Last week was the first class of Financial Peace University. I am debating doing a Money Monday theme for a while, using the information we're learning.
But that's not what this post is about.
Last week, I went to the class excited about learning new things and looking forward to meeting new people. As my friend Kim has said, I like people. I love meeting new people.
Well, they weren't all that friendly. They all knew each other, and they all seemed to attend the church where the class was held (which I chose because it was so close to our house). They even seemed to view me with...well...suspicion.
So, all week long it has bothered me a little bit. I couldn't tell if it was my perception or if it was reality that they were chilly towards this new member.
I couldn't put my finger on it. Until today.
I happened to mention to Little G that the class seemed a little distant. They all seemed to know each other. They didn't seem all that interested in this new person in their class.
She piped up, "Oh, like the first day at a new school."
Oh. My. God.
I get it now. I, who only changed schools when everyone else I knew also changed them, suddenly get it. I was an adult before I ever really had a "new school"-- and college is a totally different situation.
I really get it.
People talk about how resilient military kids are. People talk about how brave they are, how strong, how everything. I definitely agree.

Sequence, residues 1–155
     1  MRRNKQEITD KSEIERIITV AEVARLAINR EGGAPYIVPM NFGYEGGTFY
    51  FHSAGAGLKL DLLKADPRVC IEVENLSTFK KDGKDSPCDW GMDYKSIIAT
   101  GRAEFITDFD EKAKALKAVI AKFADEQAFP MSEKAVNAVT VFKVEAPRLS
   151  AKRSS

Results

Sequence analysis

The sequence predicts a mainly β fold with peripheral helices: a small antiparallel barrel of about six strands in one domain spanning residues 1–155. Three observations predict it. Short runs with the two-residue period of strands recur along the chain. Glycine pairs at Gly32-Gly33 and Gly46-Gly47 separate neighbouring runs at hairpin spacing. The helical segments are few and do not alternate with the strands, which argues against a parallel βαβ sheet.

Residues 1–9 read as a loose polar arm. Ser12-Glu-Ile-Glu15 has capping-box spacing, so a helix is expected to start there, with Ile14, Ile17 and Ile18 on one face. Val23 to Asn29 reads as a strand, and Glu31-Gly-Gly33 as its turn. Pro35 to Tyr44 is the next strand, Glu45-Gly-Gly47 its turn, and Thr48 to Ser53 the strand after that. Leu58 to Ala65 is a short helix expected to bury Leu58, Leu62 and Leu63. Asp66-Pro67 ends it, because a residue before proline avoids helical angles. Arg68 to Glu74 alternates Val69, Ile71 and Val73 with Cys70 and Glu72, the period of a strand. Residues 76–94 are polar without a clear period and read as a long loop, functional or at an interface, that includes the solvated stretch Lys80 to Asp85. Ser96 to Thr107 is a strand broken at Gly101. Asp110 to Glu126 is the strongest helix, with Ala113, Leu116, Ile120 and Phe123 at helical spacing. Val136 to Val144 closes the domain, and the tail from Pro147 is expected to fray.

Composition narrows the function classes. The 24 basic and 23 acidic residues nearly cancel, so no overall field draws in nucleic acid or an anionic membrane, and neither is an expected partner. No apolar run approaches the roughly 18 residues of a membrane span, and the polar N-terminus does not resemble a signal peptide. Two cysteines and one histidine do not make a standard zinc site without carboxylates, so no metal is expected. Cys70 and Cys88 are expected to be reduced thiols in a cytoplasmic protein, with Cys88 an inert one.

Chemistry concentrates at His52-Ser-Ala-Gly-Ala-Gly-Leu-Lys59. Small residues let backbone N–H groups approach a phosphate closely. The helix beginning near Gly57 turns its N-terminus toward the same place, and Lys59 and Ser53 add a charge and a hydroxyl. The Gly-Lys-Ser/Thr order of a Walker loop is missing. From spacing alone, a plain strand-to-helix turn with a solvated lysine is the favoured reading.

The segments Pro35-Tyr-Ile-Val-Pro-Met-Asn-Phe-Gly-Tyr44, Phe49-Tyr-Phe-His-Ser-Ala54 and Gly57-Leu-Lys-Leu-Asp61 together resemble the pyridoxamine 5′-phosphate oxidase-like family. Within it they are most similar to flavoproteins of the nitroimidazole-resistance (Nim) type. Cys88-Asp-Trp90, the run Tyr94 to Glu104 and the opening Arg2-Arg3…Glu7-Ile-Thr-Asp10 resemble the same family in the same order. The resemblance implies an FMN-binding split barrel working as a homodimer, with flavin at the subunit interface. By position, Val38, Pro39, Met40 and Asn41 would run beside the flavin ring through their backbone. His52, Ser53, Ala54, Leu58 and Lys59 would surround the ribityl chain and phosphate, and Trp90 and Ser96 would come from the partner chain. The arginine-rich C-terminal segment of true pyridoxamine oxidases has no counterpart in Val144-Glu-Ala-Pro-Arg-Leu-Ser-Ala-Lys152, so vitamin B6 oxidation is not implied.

But I didn't really, truly get it. That chilly sensation? That "everyone knows each other and they don't care about me" feeling? That is what my Big G has gone through countless times. That is what these kids go through every.single.move.
Some kids are really good at this, and they find their way very easily. Some kids have it harder. But do we really realize, do we really appreciate and understand what this does?
My class is a group of friendly, open adults. Tonight's class was much better. I think it's because I am sitting back a little more and trying to ease my way into their group instead of jumping in with both feet.
I can imagine, though, how it would be if these were middle school kids. Or high school teenagers. And now that I know how that "New Kid" feeling really is, I have a deeper appreciation for what our kids go through.
I hope you do, too.
Kids are resilient. Kids are strong. But we must (absolutely must) recognize and appreciate what it takes to make them that way, and give them the resources and support they need. I don't mean money, or special programs-- I mean a friendly smile when we see a new person. I mean talking with our kids and really listening. I mean understanding that chilly-new-kid feeling, and talking with them about it.
Thank you, Little G for summing up why the class felt awkward. And thank you, Big G for turning into such an amazing strong person despite our lack of true understanding.